He aims to explain what kind of men were behind the greatness of Rome, which is the right point of view. History is made by men, so it is important to understand what motivated them. The Roman was a farmer- soldier. At the end of the book, the reader stands face-to-face with a Roman farmer, shouldering his plow, and he knows him. Barrow gives the reader a glimpse into the heart and soul of what motivated the Roman people. Barrow recognizes that he cannot cover every aspect of Roman history in just one short book, but he gives a good summary and overview. However, he glosses over the repellent and unpleasant aspects of Rome.
The reader will have to discover those elsewhere. The book was also heavy on Roman law, endurance, military, and Senate. It didn’t really dwell on what life was like for he average Roman day-to-day. Also, since it is such a short book, it seems very fast-paced and rushed. It is so quick, it lacks details that could make the overview more informative. The Romans is for the layman, not the professor who wishes to learn more. It is an introduction, and it should be treated as such. R. H. BarroWs style is casual and fun to read. His book is interesting, and it does not sound like a history book usually does.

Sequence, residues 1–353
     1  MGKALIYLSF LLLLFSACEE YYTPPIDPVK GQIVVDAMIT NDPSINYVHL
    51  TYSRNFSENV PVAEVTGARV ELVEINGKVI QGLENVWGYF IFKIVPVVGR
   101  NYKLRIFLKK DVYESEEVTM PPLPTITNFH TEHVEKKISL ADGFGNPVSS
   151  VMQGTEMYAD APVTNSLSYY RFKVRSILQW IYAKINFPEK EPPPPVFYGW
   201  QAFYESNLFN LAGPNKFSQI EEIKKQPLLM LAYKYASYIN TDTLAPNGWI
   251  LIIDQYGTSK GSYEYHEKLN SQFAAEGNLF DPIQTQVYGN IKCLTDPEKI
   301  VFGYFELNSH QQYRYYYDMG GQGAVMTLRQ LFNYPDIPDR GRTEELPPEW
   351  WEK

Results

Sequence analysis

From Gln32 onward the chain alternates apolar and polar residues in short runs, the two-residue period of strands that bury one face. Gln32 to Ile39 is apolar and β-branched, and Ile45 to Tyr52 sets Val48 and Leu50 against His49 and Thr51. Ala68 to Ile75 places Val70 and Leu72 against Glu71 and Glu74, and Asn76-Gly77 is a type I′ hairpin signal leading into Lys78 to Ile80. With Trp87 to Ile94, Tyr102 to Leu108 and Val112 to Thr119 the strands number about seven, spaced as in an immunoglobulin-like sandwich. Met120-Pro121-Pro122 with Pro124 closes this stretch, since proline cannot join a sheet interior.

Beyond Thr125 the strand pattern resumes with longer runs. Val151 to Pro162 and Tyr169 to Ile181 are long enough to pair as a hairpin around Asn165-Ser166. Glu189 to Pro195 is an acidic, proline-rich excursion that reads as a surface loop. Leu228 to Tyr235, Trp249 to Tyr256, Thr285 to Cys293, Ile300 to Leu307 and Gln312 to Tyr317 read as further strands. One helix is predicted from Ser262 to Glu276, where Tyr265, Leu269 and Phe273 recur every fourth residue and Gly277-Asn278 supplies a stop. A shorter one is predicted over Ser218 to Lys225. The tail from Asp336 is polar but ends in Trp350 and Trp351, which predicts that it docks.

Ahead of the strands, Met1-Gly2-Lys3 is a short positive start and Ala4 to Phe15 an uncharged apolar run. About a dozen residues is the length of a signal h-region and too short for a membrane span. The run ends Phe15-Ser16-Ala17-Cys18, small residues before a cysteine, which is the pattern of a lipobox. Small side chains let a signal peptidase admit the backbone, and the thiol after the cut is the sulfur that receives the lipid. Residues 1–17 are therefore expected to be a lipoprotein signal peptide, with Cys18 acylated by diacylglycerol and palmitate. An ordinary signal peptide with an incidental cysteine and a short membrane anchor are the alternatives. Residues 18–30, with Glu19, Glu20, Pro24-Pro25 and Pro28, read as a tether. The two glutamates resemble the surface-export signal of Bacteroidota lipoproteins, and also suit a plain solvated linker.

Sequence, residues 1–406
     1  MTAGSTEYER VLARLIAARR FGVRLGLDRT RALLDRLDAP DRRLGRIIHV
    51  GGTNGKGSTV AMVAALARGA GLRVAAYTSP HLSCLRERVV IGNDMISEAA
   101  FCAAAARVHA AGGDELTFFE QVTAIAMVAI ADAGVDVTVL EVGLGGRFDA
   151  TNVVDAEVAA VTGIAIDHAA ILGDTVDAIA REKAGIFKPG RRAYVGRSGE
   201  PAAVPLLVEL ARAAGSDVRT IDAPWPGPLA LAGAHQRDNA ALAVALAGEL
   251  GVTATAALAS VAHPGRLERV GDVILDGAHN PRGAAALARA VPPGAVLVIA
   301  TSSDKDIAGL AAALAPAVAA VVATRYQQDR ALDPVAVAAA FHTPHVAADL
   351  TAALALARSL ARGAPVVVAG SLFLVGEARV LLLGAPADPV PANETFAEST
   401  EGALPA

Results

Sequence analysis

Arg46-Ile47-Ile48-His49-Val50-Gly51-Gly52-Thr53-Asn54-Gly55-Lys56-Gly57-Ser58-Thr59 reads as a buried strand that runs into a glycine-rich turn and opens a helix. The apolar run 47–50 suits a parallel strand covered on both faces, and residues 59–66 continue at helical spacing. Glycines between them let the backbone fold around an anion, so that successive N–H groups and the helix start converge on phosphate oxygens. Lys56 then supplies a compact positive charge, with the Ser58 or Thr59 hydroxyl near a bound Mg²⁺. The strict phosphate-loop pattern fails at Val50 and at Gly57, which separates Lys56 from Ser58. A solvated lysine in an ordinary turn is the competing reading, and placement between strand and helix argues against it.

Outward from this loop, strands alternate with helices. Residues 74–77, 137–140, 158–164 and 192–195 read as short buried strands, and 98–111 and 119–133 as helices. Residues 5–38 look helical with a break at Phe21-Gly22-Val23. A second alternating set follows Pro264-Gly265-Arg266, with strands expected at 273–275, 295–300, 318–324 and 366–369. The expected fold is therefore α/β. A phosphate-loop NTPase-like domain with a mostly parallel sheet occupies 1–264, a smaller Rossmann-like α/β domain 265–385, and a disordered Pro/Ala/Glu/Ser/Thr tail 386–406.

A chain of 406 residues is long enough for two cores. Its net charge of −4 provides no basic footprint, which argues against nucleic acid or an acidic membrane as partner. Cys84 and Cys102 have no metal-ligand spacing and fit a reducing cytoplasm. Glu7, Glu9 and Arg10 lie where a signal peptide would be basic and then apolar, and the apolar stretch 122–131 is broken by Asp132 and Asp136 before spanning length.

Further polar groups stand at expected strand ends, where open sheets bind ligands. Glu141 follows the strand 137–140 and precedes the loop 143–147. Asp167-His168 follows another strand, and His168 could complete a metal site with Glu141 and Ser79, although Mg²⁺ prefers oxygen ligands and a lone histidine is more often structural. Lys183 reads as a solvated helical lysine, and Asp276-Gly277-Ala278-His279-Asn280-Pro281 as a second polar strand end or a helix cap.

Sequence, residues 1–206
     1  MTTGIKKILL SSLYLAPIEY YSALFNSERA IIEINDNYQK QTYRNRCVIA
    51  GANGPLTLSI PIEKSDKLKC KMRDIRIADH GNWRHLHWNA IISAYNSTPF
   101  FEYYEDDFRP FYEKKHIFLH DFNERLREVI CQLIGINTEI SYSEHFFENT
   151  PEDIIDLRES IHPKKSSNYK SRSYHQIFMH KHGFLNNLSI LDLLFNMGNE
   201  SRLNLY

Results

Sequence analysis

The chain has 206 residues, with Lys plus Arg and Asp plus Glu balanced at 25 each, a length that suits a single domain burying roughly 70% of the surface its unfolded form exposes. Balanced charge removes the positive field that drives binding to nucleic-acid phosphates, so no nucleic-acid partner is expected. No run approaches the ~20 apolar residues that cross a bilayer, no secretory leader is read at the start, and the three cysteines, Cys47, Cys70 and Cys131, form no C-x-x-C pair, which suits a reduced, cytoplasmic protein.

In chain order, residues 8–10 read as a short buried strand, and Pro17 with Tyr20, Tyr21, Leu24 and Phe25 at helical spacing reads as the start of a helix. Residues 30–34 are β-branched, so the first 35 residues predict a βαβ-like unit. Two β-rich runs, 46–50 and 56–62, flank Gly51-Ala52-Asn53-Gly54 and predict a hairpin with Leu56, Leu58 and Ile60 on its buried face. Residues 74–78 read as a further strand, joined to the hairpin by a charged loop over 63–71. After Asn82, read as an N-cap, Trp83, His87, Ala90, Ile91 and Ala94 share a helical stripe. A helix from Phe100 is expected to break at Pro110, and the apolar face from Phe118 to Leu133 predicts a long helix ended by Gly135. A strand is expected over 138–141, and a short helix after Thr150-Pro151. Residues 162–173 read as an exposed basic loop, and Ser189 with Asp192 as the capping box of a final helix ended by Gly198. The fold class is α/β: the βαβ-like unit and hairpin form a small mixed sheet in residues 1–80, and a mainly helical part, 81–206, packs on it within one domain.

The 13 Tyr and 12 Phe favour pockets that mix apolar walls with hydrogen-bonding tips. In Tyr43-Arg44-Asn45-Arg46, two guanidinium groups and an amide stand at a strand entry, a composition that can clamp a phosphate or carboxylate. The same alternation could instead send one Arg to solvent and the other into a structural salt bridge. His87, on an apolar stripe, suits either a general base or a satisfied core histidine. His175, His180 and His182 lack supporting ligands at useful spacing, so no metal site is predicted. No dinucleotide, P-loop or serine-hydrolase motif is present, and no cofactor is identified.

He makes ancient events and people seem relevant and applicable to our lives today. His writing makes the reader want to know more. Barrows book is very well-written-?it is perfect for a high school student, but not for the specialist. His style is informal, but his information is factual and to the point. He is not dry’, nor is he eloquent. He simply States the facts in a fun, readable manner. He clearly answers his question: how did Rome become so great? He gives an overview of Roman history punctually and efficiently. Barrows point comes across very clearly and vividly. He accurately hit his mark.